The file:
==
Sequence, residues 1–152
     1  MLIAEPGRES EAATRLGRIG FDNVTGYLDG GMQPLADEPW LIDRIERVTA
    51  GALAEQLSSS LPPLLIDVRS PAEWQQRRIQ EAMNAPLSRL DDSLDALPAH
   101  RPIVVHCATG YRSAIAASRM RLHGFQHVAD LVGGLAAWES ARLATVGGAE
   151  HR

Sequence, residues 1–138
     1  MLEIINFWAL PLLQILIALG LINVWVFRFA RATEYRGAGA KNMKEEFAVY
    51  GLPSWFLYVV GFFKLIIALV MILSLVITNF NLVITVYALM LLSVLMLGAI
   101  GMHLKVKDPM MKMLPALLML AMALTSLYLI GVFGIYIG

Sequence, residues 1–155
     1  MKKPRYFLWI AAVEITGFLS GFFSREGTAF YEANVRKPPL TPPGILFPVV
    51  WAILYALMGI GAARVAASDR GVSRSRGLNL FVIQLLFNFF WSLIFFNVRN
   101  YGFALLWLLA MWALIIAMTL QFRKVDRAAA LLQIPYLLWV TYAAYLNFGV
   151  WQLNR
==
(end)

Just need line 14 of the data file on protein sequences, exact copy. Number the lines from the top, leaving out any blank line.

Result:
   151  WQLNR